Pharmacists spend their entire day focused on their customers’ health and wellness, sometimes leaving little time to attend to their own healthy habits. On a normal day, pharmacists can spend hours standing in one place, eating on the run and perhaps wearing shoes designed more for fashion than utility.
It is important that pharmacists be proactive when it comes to their own health and well-being so they can actively take care of their customers and their business. If the idea of self-care is foreign to you, start by taking baby steps: pay attention to your lower extremities.
Best Foot Forward
No matter how technologically advanced day-to-day tasks become, pharmacy still remains a physically demanding career. Standing on your feet eight or more hours a day, five or more days a week, affects you physically and mentally. Your job demands a clear head, and it’s hard to concentrate when your feet are throbbing and your back is aching. It is vital to practice prevention and pay attention to symptoms that can effect your mood and productivity, such as:
- Varicose Veins: If you’re just starting your career in pharmacy, this may be the best advice you’ll ever receive: wear support socks or hose.1 Every pharmacist knows the root cause of varicose veins, along with the unsightly look and the pain that can accompany the condition. Preventative measures should start the minute you step behind the counter and continue throughout your career.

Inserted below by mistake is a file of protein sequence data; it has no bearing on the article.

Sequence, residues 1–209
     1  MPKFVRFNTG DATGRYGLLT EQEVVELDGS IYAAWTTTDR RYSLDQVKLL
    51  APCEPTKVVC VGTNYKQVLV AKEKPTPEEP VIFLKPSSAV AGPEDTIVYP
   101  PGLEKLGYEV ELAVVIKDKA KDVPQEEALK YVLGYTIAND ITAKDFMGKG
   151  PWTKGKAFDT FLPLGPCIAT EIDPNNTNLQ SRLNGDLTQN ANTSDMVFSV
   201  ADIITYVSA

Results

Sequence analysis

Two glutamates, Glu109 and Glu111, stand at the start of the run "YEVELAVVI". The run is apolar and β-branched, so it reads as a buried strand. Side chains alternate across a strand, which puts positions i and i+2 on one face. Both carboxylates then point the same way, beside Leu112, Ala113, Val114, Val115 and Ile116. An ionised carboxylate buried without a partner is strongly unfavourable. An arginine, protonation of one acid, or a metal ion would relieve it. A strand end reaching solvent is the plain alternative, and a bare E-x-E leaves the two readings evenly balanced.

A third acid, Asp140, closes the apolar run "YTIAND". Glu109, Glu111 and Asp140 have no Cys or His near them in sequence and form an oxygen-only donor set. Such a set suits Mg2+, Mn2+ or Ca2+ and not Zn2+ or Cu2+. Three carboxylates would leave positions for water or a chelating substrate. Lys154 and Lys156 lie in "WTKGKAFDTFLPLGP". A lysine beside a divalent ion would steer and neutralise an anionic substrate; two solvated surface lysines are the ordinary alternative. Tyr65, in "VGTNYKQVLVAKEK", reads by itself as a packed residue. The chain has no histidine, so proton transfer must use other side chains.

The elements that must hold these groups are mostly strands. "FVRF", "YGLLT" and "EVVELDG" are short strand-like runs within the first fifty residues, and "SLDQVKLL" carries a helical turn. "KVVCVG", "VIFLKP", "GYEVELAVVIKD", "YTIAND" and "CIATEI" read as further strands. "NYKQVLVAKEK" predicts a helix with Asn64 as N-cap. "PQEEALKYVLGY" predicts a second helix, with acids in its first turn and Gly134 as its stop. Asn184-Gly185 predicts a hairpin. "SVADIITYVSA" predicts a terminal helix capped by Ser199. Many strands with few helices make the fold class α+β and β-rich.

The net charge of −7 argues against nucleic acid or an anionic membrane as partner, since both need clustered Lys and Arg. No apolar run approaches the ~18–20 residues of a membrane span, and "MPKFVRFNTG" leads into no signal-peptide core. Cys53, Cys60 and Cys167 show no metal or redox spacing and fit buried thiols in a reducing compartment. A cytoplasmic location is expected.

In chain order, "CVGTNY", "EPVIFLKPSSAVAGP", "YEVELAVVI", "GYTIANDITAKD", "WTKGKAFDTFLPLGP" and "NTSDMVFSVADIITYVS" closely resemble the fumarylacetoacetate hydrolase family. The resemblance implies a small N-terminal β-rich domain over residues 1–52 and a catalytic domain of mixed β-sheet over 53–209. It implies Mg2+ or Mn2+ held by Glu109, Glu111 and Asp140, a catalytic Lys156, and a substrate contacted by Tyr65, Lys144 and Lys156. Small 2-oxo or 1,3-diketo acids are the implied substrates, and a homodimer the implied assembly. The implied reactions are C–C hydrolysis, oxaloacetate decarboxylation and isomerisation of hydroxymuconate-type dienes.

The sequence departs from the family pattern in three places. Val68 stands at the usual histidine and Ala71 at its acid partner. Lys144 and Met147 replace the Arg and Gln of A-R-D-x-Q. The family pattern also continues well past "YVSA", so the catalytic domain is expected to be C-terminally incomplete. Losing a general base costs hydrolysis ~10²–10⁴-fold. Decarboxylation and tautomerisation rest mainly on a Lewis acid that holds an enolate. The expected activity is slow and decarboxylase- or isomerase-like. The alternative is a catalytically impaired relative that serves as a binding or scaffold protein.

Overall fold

- Foot Pain: Beware of hard floor surfaces and the wrong shoes; both will ruin your day and make your feet scream, “UNCLE!”
- Purchase an anti-fatigue mat. These are specially designed to cushion your feet when you must stand for long periods of time. However, even with mats, you can develop lower back pain after and during long hours of standing.
- Wear appropriate footwear. Purchase several pairs of work shoes and rotate them throughout the week. Consider using arch supports, as muscle fatigue is one of the leading causes of fallen arches. Your feet are the largest at the end of the day, which is the best time to purchase a new pair of shoes to ensure the proper fit. Don’t go over a two-inch heel; the lower the heel, the more natural the foot position.2
- Ice your feet. Twenty minutes helps reduce swelling and increase blood flow.
- Sit whenever you can.
- Avoid standing in one spot for too long.
- Stretch. A few standing bench presses for the back and calf muscle stretches can energise the body.3
- Foot Health Signs:
- Hairless feet and toes. This could be a sign that your feet aren’t getting enough blood flow. Test the pulse in your feet to ensure your heart is pumping enough blood to your feet to maintain good circulation.
- Frequent cramping. Drink plenty of water, and make sure your potassium, magnesium and calcium intake are sufficient.
- Sores that won’t heal. This is a red flag for diabetes.
- Suddenly enlarged big toe. This could be a sign of gout or another inflammatory issue.
- Bunions. To avoid bunions, which mostly affect women, it’s best to wear roomy shoes and avoid high heels.
- Pampering Pedicures: Both men and women should get a pedicure every six to eight weeks. Pedicures help: